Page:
Georgia Natural Gas® TrueBlue Schools™ Program Tops $550,000 in Donations to Georgia Schools

/PRNewswire/ -- Georgia Natural Gas® (GNG), Georgia's leading natural gas provider, announced today that it has donated more than $550,000 to Georgia schools as a result of its successful TrueBlue Schools™ fundraising program. GNG plans to donate $2 million to Georgia schools through the program.

Now in its third year, TrueBlue Schools™ was created by GNG to help support schools throughout Georgia. When a consumer becomes a customer of GNG and elects to participate in the program, a $5 donation is made to the school of his or her choice every month. TrueBlue dollars are being used to pay for books, art supplies, music programs, field trips, sports equipment, playgrounds, scholarships, classroom technology – anything a school needs. Currently, 857 of the 2,326 schools in the GNG service area earn TrueBlue Schools™ donations.

"True Blue Schools™ is a great way for GNG to show its support for Georgia schools, and we are particularly proud of the $550,000 this innovative program already has provided to schools," said GNG CEO Mike Braswell. "The best part is the program's simplicity – just sign up with GNG, and we send checks to your school every quarter."

With this program, a school doesn't have to commit to a time-consuming fundraising project. There are no order forms, no inventory to manage and no monies to collect. All public and private elementary, middle and high schools in GNG's service area are included in the program, and any natural gas consumer who chooses GNG can participate. The more people who sign up with GNG and select a school, the more money the school receives. Once participants sign up at TrueBlueSchools.com, donations are automatic to the school. Current GNG customers also are eligible to participate.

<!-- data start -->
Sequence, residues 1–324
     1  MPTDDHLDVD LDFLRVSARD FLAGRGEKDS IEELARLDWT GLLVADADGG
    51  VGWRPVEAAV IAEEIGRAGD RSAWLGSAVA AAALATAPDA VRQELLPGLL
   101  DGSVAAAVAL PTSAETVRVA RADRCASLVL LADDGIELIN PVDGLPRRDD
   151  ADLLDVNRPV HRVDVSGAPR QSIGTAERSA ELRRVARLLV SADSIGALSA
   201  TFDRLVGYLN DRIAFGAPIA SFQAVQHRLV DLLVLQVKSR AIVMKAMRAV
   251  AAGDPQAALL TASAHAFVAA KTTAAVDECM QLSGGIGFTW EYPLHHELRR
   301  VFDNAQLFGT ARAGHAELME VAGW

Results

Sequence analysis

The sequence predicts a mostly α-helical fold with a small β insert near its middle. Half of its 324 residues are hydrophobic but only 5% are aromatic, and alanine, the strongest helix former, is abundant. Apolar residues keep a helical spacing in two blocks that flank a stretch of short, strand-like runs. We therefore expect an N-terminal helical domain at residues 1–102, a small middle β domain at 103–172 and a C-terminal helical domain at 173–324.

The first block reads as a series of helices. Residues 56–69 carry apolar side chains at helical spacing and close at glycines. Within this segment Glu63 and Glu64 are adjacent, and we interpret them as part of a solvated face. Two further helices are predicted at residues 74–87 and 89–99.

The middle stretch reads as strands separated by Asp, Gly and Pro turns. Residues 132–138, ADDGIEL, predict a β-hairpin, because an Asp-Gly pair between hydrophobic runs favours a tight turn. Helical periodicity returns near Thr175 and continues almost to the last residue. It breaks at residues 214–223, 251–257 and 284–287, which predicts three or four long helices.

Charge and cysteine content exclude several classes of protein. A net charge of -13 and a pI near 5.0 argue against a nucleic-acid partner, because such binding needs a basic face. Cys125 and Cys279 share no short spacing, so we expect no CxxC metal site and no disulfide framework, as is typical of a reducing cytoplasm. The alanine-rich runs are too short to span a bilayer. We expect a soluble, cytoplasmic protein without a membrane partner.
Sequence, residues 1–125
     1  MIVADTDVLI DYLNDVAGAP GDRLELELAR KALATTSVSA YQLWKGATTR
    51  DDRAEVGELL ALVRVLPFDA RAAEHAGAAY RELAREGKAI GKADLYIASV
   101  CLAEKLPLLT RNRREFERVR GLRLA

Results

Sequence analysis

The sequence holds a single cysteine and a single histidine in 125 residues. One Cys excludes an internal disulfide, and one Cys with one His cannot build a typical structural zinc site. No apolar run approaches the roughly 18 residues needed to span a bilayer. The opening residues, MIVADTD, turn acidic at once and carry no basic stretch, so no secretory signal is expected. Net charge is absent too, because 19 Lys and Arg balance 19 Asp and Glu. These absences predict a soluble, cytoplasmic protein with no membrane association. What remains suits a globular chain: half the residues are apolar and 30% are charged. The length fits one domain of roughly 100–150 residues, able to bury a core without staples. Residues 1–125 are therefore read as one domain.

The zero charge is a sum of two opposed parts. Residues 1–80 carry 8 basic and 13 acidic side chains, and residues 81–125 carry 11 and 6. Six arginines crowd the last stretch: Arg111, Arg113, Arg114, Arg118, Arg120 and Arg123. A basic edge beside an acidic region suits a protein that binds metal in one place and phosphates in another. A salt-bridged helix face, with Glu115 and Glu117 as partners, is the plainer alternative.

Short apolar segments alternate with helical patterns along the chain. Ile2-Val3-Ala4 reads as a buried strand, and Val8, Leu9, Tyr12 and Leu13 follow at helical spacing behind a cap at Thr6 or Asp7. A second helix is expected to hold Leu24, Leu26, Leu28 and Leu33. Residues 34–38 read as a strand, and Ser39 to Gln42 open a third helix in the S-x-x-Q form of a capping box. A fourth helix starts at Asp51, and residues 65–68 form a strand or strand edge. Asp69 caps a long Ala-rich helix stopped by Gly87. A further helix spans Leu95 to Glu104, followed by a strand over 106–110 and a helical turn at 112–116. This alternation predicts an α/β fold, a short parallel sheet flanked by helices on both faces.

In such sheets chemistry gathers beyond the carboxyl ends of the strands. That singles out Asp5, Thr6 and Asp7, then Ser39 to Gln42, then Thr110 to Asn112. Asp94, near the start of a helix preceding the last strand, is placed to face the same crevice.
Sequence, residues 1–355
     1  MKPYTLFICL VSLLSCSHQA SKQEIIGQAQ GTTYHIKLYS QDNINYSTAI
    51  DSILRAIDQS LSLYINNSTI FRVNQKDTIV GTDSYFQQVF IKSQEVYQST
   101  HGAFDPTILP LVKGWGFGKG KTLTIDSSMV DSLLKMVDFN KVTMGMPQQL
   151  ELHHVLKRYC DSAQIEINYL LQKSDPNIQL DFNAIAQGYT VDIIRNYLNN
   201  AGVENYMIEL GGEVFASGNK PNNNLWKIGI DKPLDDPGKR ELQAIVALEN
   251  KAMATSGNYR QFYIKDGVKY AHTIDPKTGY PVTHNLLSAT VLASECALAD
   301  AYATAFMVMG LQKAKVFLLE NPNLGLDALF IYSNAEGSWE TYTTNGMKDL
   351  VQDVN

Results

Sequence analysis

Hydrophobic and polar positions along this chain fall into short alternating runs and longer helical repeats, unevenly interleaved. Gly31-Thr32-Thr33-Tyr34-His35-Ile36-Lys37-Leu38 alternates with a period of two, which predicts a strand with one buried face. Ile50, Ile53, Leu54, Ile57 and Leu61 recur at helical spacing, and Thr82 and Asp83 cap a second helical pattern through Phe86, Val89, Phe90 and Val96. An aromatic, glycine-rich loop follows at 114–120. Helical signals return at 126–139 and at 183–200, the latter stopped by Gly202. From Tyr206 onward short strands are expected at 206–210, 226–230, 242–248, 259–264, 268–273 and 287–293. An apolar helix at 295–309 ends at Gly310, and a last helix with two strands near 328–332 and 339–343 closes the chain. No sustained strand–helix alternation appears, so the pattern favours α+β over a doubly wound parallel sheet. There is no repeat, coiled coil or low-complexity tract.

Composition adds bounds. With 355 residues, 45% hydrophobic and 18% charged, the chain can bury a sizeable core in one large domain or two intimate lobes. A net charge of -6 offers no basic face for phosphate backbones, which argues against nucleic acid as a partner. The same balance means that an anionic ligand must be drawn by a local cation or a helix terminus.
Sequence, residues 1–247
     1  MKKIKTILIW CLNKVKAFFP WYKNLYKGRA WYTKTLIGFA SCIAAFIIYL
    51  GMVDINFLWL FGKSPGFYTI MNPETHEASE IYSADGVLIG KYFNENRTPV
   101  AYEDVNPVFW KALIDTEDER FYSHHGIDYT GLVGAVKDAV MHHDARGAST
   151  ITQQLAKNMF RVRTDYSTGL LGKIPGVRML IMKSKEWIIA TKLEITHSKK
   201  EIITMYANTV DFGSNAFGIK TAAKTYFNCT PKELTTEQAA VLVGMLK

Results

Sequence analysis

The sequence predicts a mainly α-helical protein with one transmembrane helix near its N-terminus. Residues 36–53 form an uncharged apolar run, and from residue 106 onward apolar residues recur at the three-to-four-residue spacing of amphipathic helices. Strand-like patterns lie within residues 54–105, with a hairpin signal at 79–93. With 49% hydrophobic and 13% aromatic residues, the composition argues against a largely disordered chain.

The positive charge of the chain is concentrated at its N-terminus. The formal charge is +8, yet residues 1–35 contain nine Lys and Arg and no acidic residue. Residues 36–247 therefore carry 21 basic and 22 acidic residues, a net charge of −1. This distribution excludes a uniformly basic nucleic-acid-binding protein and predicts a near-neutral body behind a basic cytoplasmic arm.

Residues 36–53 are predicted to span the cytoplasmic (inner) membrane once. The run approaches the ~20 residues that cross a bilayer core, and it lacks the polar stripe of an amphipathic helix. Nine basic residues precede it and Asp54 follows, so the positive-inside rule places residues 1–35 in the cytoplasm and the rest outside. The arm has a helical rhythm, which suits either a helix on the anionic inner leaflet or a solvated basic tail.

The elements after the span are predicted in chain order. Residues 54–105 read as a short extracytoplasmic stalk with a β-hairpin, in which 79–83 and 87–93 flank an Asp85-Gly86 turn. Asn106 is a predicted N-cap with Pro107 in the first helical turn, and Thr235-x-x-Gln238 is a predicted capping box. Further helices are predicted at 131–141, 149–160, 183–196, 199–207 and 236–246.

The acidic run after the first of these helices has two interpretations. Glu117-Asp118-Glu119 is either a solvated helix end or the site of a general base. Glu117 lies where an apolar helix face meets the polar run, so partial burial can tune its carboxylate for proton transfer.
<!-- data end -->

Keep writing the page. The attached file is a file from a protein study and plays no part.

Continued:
"We are excited about what the success of this program in just two years means for our schools," said Braswell. "Making a difference in children's lives is one of our key community goals. That's why we are committed to raising $2 million through TrueBlue Schools™ to support education in Georgia."

To join TrueBlue Schools™ or learn more about the program, visit TrueBlueSchools.com or contact GNG by e-mail at support@trueblueschools.com.

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Saturday, November 6, 2010

Clayton State Graduate Studies Open House, November 9

The Clayton State University School of Graduate Studies next open house will be held on Tuesday, Nov. 9. The open house will run from 5:30 p.m. to 7 p.m. in room 101 of the University’s Harry S. Downs Center on the main campus in Morrow.

The Clayton State School of Graduate Studies typically holds open houses on the second Tuesday evening of each month. This month’s open house will provide information on the newest Clayton State graduate program, the Master of Science in Psychology, in addition to giving prospective graduate students the chance to learn more about the Master of Arts in Liberal Studies, Master of Arts in Teaching English, Master of Arts in Teaching Mathematics, Master of Business Administration (which now has cohorts meeting in Peachtree City and Conyers, in addition to the Clayton State campus), Master of Health Administration, Master of Science in Nursing and Master of Archival Studies.

For more information on the open house, including application information for Clayton State’s eight masters programs, call (678) 466-4113, or email graduate@clayton.edu or go to the School of Graduate Studies website, http://graduate.clayton.edu/.

A unit of the University System of Georgia, Clayton State University is an outstanding comprehensive metropolitan university located 15 miles southeast of downtown Atlanta.
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Wednesday, November 3, 2010

Five tips for being a successful online student